Oil futures settled little changed on Tuesday, holding ground at their highest prices in about six weeks, as concerns eased over the impact of Tropical Storm Nicholas on crude and natural-gas production in the Gulf of Mexico after the storm made landfall as a hurricane on the Texas coast.
The impact of Nicholas, which made landfall early Tuesday as a Category 1 hurricane, was “much less than previously anticipated as no major new refinery or oil production facility was shut off that wasn’t already offline,” said Manish Raj, chief financial officer at Velandera Energy Partners. Therefore, the market saw a “reversal of price increases that arose due to storm Nicholas.”
West Texas Intermediate crude for October delivery
rose by a penny to settle at $70.46 a barrel on the New York Mercantile Exchange. That was enough to mark its highest finish since Aug. 3, but prices had climbed to as high as $71.22 during the session, FactSet data show.
November Brent crude
the global benchmark, climbed by 9 cents, or 0.1%, at $73.60 a barrel on ICE Futures Europe, the highest front-month finish since July 30.
Nicholas, which has is now a tropical storm, brought more than a foot of rainfall to the same area hammered by Hurricane Harvey in 2017 and is dumping more water on storm-battered Louisiana. Hurricane Ida made landfall on the Louisiana coast on Aug. 29.
The Bureau of Safety and Environmental Enforcement late Tuesday estimated that 39.57% of oil production in the Gulf of Mexico remained shut in due to Ida, equivalent to 720,217 barrels a day of output. More than 48% of natural-gas output was also shut in.
Meanwhile, the International Energy Agency on Tuesday cut its supply rebound forecast for 2021 by 150,000 barrels a day, due in part to storm damage, while also cutting its demand forecast by 100,000 barrels a day, citing the impact of the delta variant of COVID-19.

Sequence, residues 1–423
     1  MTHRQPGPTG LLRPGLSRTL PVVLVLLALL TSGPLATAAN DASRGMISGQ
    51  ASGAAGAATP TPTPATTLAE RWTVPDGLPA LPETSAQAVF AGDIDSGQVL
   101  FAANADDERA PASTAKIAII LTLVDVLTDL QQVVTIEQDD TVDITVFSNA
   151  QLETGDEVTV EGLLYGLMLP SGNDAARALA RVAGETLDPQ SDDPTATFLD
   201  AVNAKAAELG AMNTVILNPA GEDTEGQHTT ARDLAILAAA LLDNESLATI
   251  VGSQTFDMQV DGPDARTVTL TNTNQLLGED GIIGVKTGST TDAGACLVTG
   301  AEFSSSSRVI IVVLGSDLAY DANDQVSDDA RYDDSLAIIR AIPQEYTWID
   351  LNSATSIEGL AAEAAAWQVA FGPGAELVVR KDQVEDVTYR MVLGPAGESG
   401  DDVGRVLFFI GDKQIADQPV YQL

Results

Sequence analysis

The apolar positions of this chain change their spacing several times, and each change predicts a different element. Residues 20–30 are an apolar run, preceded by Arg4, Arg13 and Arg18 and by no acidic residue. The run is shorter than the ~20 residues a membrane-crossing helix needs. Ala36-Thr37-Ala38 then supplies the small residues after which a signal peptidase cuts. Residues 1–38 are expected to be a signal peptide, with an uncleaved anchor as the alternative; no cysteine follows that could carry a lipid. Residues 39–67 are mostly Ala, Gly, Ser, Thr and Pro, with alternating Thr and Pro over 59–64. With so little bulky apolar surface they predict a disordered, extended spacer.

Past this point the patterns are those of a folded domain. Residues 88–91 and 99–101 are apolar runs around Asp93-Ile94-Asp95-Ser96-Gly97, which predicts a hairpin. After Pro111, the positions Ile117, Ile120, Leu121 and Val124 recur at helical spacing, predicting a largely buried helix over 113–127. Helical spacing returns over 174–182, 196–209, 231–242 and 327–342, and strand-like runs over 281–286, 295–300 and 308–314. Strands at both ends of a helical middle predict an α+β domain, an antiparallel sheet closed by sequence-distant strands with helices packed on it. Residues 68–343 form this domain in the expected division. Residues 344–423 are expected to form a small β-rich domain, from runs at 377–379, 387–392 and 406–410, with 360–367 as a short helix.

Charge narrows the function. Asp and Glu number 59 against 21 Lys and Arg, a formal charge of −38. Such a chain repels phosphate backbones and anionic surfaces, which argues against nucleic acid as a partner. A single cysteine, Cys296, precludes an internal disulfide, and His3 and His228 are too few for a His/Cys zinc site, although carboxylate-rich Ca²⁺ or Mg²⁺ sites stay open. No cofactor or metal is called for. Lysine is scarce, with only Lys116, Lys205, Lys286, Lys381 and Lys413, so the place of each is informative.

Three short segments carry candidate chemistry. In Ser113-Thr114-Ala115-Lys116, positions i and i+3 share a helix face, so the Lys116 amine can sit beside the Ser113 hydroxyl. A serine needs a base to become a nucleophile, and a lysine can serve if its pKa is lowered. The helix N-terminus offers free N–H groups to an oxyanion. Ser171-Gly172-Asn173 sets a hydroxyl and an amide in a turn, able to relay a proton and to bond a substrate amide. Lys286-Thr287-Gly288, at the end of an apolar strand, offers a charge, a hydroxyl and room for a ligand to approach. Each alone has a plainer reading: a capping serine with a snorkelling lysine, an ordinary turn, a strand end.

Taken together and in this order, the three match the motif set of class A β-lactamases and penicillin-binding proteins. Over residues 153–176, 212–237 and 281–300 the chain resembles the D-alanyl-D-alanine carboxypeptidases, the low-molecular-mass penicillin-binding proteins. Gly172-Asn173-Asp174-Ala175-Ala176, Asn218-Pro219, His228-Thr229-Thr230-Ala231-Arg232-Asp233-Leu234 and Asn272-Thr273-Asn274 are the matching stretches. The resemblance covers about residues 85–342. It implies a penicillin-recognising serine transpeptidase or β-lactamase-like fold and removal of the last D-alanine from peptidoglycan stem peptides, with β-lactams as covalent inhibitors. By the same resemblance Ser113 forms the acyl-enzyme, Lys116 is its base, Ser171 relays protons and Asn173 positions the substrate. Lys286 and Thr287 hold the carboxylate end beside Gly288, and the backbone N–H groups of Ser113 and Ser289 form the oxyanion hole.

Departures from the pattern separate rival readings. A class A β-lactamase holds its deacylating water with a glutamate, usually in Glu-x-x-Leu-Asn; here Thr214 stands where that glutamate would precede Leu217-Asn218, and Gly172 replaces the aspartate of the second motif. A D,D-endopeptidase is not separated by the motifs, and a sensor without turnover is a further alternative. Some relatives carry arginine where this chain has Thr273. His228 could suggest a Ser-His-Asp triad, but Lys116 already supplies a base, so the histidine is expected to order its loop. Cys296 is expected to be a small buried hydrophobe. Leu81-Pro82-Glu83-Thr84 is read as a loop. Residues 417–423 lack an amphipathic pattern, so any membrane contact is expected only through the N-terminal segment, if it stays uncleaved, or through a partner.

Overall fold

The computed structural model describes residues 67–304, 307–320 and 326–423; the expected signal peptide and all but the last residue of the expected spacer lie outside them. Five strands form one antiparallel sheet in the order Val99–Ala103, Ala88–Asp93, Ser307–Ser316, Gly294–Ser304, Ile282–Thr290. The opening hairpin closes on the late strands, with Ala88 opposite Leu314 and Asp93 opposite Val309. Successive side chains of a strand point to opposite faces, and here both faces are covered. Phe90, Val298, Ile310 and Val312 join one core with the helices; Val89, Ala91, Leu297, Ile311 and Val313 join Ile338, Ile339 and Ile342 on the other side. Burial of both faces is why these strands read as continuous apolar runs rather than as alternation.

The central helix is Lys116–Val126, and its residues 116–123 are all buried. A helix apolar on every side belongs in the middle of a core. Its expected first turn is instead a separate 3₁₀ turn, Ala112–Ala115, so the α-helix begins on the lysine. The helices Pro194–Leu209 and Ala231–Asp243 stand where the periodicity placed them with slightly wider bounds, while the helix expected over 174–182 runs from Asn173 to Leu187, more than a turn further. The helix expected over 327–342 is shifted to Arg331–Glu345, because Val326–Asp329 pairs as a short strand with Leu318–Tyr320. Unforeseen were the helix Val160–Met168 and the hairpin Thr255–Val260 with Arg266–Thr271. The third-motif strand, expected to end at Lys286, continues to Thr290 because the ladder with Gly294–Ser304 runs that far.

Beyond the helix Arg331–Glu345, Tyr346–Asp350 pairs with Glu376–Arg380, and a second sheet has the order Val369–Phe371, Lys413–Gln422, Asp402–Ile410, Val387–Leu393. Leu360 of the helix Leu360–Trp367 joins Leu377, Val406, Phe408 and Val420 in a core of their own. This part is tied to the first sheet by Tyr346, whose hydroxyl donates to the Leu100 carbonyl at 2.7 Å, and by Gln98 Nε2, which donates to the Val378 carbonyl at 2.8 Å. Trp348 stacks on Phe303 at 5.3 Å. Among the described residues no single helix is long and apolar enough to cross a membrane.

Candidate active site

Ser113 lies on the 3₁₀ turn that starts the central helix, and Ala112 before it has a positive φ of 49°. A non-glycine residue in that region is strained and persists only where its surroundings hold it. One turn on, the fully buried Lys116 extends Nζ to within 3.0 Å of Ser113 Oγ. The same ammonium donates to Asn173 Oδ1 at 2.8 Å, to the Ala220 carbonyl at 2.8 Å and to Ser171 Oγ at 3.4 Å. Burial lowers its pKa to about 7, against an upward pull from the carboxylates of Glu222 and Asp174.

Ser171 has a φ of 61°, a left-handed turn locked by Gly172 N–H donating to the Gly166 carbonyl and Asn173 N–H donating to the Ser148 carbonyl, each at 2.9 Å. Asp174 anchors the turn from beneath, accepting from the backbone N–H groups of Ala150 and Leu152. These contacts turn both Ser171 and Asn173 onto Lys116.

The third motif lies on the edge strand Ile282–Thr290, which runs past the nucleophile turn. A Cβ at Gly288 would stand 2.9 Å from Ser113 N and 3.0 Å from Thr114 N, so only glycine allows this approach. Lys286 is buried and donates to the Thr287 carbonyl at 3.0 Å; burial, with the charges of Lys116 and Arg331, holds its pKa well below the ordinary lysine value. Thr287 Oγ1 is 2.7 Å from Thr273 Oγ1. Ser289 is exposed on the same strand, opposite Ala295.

The monthly report from the Paris-based agency comes after the Organization of the Petroleum Exporting Countries on Monday also trimmed its demand forecast for the third quarter of this year. Unlike OPEC, however, the IEA didn’t lift its 2022 demand forecast. OPEC said a robust economic recovery would see demand grow by 4.2 million barrels a day in 2022, up 900,000 barrels from the cartel’s August estimate.
The IEA expects world oil demand next year to average 99.4 million barrels a day, while OPEC is looking for demand of 100.8 million barrels a day.
October natural gas
settled at $5.26 per million British thermal units, up nearly 0.6%. Prices saw their fourth gain in five sessions, and again settled at the highest since February 2014.
The Energy Information Administration will release weekly data on U.S. petroleum supplies on Wednesday. The American Petroleum Institute will issue its own report late Tuesday.
On average, analysts expect the EIA to report a fall of 3.5 million barrels for domestic crude supplies in the week ended Sept. 10, according to a survey conducted by S&P Global Platts. They also forecast inventory declines of 2.2 million barrels for gasoline and 2 million barrels for distillates.